The divorce files available show that, in the end, the couple arrived at what appears to be a very amicable agreement, providing Ruth-Anne with full custody of the children while granting her ex-husband ample access, including every other weekend, some weeknights, three complete weeks in the summer and alternating holidays.

Child support (totalling $1,100 a month) and a civilized dispute resolution process are included in the divorce files.

It's hard to know whom to believe -- family, friends, or the sworn affidavits on file with the court.

"He was cordial, loving and laughing, always joking," Karrys said. "This whole thing is a shock."

Both of them re-married -- he to a woman with two children of her own, and she to Glenn Willis, whose name she took after marrying him.

Bailey and his new wife had two more children together, the Willises at least one other child.

For a time, the two daughters of Ruth-Anne Willis and Russell Bailey appeared to enjoy the parenting of both their biological parents.

However, something appears to have gone wrong not too long ago and the matter ended up in court again.

What's available now is only Bailey's version of events, since Willis didn't respond in court.

However, in an affidavit sworn by Bailey almost exactly one year to the day before he was murdered, Bailey said that he began having trouble seeing his daughters after Willis re-married.

Bailey swore that Willis, "has attempted to deny access on a number of occasions and intervention has been required by way of police assistance."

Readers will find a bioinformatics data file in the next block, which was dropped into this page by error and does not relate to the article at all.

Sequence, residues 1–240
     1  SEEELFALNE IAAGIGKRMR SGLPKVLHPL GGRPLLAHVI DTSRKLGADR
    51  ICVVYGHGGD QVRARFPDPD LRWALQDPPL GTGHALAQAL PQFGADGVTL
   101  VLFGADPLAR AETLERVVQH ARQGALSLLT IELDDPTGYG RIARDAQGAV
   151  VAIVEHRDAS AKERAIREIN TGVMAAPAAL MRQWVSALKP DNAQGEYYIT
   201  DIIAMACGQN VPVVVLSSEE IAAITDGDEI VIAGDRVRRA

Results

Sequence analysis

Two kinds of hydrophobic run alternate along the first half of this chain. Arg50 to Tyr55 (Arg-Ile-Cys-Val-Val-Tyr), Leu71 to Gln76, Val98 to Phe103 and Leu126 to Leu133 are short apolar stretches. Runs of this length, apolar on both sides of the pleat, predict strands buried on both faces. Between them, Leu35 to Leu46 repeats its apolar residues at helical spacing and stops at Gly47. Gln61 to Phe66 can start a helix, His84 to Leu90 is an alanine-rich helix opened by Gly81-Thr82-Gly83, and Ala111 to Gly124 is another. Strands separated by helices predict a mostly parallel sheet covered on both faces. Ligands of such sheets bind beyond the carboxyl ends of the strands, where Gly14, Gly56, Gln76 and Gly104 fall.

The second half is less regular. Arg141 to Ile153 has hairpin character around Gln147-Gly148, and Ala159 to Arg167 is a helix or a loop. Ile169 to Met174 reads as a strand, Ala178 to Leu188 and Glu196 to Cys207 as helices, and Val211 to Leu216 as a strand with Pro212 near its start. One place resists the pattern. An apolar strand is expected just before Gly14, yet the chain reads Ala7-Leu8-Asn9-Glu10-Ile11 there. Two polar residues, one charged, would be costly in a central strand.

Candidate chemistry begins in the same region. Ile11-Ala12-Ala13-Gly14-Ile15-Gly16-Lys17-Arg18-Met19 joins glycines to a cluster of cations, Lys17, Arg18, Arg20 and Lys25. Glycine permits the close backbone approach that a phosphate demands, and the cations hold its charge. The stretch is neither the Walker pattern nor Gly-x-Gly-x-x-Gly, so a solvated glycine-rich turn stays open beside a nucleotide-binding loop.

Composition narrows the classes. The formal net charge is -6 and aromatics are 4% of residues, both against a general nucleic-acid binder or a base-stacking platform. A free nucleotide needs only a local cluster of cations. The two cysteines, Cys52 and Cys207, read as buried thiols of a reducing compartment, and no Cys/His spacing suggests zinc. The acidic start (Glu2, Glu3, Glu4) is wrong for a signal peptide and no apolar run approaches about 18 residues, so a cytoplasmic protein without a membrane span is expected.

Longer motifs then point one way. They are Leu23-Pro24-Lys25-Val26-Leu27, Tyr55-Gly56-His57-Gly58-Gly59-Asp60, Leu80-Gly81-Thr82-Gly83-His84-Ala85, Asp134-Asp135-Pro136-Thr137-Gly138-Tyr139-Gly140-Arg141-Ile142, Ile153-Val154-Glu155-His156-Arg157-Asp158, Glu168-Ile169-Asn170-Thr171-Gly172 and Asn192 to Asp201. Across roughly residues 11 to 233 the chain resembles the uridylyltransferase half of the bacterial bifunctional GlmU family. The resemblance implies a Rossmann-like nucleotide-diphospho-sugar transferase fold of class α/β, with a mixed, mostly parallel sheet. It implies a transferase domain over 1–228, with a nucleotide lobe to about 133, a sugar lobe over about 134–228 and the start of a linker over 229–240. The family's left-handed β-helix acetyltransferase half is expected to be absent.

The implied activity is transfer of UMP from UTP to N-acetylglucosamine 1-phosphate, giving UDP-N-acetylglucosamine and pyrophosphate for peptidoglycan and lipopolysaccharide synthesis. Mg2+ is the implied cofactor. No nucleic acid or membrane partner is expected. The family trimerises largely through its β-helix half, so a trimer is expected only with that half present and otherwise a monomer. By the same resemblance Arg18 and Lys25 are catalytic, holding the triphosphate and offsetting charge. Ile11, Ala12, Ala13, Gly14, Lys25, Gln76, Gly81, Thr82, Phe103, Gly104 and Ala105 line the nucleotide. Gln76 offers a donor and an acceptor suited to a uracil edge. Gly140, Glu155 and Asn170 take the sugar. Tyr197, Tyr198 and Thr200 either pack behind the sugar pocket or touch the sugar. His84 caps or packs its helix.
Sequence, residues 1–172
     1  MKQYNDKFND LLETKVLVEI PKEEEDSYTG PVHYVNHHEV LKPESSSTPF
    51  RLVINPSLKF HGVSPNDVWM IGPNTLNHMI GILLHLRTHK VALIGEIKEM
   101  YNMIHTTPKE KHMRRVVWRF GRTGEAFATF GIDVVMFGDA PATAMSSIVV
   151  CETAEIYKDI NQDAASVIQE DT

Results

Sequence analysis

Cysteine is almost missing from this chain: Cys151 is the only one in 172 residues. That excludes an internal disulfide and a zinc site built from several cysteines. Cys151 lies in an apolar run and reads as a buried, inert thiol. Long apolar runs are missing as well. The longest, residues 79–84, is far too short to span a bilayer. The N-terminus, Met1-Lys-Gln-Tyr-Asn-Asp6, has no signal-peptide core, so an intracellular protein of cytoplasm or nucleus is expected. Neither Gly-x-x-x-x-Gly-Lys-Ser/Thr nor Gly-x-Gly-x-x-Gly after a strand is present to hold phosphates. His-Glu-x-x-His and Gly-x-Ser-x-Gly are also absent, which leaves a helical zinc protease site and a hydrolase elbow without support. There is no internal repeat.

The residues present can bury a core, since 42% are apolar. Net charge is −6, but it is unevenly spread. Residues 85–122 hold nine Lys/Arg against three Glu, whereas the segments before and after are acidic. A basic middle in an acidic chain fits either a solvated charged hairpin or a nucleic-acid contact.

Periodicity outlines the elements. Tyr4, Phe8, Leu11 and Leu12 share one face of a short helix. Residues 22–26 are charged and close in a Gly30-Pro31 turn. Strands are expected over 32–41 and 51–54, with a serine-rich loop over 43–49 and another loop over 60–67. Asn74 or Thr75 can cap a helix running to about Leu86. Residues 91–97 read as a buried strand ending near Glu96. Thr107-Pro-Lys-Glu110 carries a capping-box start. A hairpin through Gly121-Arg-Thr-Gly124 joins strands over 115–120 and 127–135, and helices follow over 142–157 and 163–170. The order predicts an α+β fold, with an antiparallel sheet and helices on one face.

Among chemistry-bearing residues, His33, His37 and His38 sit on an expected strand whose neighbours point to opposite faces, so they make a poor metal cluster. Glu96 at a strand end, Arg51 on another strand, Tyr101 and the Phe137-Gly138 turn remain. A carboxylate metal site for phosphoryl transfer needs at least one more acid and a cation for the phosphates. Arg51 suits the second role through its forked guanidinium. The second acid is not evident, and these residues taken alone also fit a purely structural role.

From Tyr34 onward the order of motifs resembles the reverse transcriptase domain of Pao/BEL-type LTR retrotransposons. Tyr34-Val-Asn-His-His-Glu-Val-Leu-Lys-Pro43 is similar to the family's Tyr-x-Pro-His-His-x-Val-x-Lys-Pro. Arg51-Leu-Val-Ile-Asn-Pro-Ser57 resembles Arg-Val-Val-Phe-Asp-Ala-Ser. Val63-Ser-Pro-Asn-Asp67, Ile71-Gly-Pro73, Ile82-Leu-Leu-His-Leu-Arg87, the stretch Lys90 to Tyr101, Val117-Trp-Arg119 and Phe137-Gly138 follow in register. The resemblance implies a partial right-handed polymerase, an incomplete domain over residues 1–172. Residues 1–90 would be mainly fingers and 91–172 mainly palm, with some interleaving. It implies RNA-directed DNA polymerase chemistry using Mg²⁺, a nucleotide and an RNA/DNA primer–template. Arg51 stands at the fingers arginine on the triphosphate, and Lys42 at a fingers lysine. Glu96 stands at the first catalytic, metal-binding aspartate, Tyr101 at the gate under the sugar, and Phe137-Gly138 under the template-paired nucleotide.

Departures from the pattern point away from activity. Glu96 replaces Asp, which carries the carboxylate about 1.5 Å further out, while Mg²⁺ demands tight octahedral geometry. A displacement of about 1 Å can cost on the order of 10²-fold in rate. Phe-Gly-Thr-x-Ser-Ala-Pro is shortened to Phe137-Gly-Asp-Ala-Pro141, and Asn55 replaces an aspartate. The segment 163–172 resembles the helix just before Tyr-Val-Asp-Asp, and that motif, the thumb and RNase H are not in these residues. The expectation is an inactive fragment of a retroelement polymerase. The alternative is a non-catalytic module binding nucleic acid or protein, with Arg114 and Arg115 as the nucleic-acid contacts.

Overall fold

Last August, Bailey says he learned that Willis was planning to move to Prince Edward Island with their two children and her new husband.

And so, on Aug. 23, 2001, Bailey mounted the concrete steps of the Milton courthouse to do battle with his ex-wife.

Ruth-Anne Willis didn't show that day, but Russell Bailey still failed in his attempt to prevent her moving to Prince Edward Island with their two teenage children.

He did win a partial victory: a court order granting him access to his daughters, "according to the children's wishes."

In his court filings, Bailey insisted that his children's wish was to stay with him.

It's unclear whether they did, but from what Karrys said, it's likely they moved with their mother to Prince Edward island.

Karrys says the last time he spoke to Bailey -- a long evening ramble at the Bailey family's Bala cottage last summer -- Bailey spoke of his sadness and frustration at his children being so far away from him.

But something happened recently, because Pelz insists that Bailey was somehow denying Willis access to her youngest daughter.

In fact, Pelz told a reporter on Wednesday that Willis left his home where she was staying and went that morning to Bailey's Watson Lane home to look for their 14-year-old daughter.

"She had full custody" of the kids, he said. "He wouldn't let them go."

She did not succeed in getting her daughter.

Instead, a fight ensued, a fight loud enough to get worried neighbours calling the police.

Shots were heard and Bailey lay dying while his current wife wailed beside him.

Willis was arrested in Burlington an hour after the shooting after police surrounded her red company truck on Dundas Street.

They say they found a handgun inside the truck. Hamilton Police spokesman Maggie McKittrick said the police believe they know the gun's origin, but would only say that it was not at Bailey's home before he was shot.

Late yesterday afternoon, Willis's father spoke briefly with a reporter about his hopes of visiting his daughter in jail but cut the call short, saying, "I've got about 20 policemen going through my house right now."

-- With files from John Burman, Lori Fazari, and Christine Cox, The Hamilton Spectator

You can reach Bill Dunphy at bdunphy@hamiltonspectator.com or at 905-526-3262.